In a legal brief that could be pivotal to U.S. Supreme Court deliberations, physicians and other medical stakeholders argue what’s at stake if the justices rescind the Deferred Action for Childhood Arrival (DACA) program: The American health care system stands to lose almost all of the 27,000 health professionals—including 200 medical students, residents and physicians—who rely on the immigration policy to work and be eligible to practice medicine here.
The loss would have potentially “devastating effects” on a health care system that already faces physician, nurse and other health professional shortages, argue doctors and others in the health care arena in an amicus brief filed in the case, Department of Homeland Security v. Regents of the University of California. The Litigation Center of the American Medical Association and State Medical Societies joined the Association of American Medical Colleges (AAMC) and 31 other organizations in filing the brief urging the court to stop the government from ending DACA.
The amici tell the court that the government did not consider the impact their DACA decision would have on patients’ health. The AAMC estimates that, hospitals have invested about $5 million in DACA medical residents alone. In addition, physicians, nurses and others have spent thousands of hours training DACA students and professionals so that they can take care of a patient population that is growing, diversifying and increasingly aging and in need of more care, they tell the court.
“If those [physician] trainees and physicians retain their work eligibility, each will care for an average of between 1,533 and 4,600 patients a year. Together, over the course of their careers, they will touch the lives of 1.7 to 5.1 million U.S. patients,” the brief tells the court, noting that it takes more than a decade to educate and train a new physician.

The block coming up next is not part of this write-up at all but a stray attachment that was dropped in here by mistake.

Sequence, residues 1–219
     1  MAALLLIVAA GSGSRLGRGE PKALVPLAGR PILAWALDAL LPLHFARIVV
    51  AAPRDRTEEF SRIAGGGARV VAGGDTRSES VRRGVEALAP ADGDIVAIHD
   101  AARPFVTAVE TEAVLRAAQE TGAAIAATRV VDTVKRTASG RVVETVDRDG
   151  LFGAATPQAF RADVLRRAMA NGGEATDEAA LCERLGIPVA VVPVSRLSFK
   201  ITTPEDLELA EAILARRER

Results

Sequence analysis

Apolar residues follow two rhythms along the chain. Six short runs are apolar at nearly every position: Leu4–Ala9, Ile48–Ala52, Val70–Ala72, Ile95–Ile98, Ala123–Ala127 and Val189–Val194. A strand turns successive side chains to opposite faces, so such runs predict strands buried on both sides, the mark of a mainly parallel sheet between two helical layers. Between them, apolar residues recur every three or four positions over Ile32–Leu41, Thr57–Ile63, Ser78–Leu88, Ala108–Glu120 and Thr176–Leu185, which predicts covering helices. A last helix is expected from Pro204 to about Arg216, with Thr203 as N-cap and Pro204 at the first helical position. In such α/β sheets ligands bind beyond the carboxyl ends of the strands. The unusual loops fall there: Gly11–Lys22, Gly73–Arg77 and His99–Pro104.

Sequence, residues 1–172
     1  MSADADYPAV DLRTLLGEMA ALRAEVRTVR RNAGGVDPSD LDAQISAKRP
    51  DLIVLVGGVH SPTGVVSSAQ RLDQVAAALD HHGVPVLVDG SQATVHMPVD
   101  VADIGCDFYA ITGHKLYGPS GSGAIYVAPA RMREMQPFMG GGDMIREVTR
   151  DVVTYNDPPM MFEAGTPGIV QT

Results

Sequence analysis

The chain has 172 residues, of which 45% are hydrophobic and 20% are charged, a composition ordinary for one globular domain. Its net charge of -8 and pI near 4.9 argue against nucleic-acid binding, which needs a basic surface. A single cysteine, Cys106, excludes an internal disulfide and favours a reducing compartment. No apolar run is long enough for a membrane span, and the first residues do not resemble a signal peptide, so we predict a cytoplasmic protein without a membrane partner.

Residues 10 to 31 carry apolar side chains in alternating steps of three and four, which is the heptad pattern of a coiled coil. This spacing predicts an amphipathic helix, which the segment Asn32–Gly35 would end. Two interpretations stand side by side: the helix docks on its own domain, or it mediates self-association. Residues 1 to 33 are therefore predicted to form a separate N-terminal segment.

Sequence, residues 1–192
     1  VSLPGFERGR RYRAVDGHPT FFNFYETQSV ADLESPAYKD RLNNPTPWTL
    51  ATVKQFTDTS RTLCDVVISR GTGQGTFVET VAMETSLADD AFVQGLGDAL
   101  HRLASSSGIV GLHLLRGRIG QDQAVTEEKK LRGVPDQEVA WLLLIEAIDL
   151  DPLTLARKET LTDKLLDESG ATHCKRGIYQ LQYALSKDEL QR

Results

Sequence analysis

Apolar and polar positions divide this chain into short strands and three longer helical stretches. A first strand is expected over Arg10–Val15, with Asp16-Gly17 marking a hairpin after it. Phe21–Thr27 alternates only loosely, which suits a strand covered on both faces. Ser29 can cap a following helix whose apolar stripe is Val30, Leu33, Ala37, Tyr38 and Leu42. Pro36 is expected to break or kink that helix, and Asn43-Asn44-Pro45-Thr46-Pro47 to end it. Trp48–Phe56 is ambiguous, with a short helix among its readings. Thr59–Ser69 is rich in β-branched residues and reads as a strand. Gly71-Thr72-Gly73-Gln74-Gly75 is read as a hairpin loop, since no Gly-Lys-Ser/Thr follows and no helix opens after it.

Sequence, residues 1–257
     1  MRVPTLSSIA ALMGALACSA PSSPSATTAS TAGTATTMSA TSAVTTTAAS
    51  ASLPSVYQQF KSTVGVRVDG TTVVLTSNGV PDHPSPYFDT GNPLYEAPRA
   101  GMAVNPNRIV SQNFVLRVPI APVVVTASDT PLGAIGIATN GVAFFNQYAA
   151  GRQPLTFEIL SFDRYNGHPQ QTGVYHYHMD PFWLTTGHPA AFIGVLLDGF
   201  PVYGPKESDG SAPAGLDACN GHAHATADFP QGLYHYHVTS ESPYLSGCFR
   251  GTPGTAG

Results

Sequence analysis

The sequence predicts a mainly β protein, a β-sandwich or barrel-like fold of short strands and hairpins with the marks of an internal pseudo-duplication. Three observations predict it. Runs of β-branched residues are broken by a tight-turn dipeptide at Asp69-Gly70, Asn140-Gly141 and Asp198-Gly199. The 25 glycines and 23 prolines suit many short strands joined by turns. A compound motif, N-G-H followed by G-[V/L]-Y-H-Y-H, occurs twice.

DACA opened medical school doors
Concern over losing these much-needed health care professionals arose in September 2017 when the Department of Homeland Security rescinded DACA.
Medical school first became an option for people living here illegally who were brought to the U.S. as children when DACA was implemented in 2013. Prior to that, they were not legally allowed to work as licensed physicians. The government’s formal recognition of deferred action status allowed these students to meet the technical standards for admission into most medical schools. As of the 2019 medical school application cycle, 65 schools had admissions policies that included DACA recipients.
The regents of the University of California and others sued the government over the DACA rescission , and in 2018 a federal court issued a preliminary injunction that required U.S. officials to continue renewing DACA status for those who already had it. The 9th U.S. Circuit Court of Appeals later upheld that decision. The U.S. Supreme Court has now consolidated the Regents case with two similar cases, Trump v. NAACP and McAleenan v. Vidal, and heard oral arguments in the case Nov. 12. The court is expected to issue an opinion by the end of its term in June 2020.
Losses on many fronts
Beyond money that has been spent, and the time and energy that DACA recipients and their teachers and mentors have invested, not allowing these individuals to practice medicine or work in health care will have a negative impact on the health of patients around the country.
The AMA Litigation Center brief tells the court that allowing the rescission of DACA would worsen the physician shortage problem, disproportionately affect underserved rural and poor neighborhoods, weaken the country’s ability to fight infectious-disease outbreaks, and deprive the country of $3.2 million of economic activity that the average DACA-recipient physician would generate.